Category: Pediatric radiology, Region: GI-Small bowel, Plane: Other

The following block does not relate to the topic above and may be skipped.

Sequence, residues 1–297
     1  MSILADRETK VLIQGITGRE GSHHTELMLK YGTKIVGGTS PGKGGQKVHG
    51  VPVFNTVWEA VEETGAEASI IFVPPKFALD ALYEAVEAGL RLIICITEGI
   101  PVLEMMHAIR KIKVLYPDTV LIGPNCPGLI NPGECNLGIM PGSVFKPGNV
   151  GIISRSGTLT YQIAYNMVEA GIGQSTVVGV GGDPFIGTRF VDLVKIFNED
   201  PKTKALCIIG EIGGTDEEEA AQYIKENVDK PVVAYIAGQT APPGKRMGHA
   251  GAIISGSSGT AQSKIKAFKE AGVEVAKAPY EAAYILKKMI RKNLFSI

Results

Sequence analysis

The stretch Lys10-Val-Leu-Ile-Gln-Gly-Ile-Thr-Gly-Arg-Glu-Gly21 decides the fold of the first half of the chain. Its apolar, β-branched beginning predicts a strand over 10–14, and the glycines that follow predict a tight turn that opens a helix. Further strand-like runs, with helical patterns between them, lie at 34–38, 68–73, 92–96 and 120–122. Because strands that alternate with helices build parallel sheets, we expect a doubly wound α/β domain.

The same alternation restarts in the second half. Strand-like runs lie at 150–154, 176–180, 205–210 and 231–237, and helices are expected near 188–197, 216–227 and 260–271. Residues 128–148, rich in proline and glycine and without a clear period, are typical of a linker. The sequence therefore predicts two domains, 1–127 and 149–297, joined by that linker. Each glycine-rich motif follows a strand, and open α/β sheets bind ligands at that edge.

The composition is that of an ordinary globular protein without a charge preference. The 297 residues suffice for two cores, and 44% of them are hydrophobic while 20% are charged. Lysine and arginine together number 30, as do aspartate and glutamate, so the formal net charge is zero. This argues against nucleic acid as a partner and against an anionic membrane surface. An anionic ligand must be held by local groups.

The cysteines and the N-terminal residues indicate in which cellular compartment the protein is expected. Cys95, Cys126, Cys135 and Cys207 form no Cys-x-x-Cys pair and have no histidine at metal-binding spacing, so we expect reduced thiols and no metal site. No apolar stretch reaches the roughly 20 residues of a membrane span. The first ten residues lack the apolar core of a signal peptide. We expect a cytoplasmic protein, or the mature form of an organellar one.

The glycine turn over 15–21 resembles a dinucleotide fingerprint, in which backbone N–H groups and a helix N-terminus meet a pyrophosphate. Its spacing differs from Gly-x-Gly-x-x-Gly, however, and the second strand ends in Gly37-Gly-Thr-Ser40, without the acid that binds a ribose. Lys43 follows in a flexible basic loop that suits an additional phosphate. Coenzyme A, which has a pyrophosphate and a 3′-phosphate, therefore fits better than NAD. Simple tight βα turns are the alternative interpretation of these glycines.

An 8-year-old female born at 29 weeks gestational age with a history of cerebral palsy and three prior VP shunt revisions presents with a 2-day history of nonbilious, fever, and cephalgia. CT Head on admission demonstrated ventriculomegaly. A subsequent nuclear medicine shuntogram verified patency of the distal shunt tubing, however, there was a central organization of radiotracer in the abdomen in a pattern commonly seen with pseudocyst formation. The follow-up CT of the abdomen and pelvis revealed that the shunt tubing was now intraluminal within several small bowel loops. This CT finding was subsequently verified during an exploratory laparotomy. The VP shunt fluid analysis revealed gram-negative bacteria. Bowel perforation is a rare complication of VP shunt placement. When seen, it most commonly affects the large bowel and stomach. We thus report the exceedingly uncommon instance of small bowel perforation by a VP shunt catheter. This case also highlights a differential consideration for central organization of intra-abdominal radiotracer when seen on a nuclear medicine shuntogram.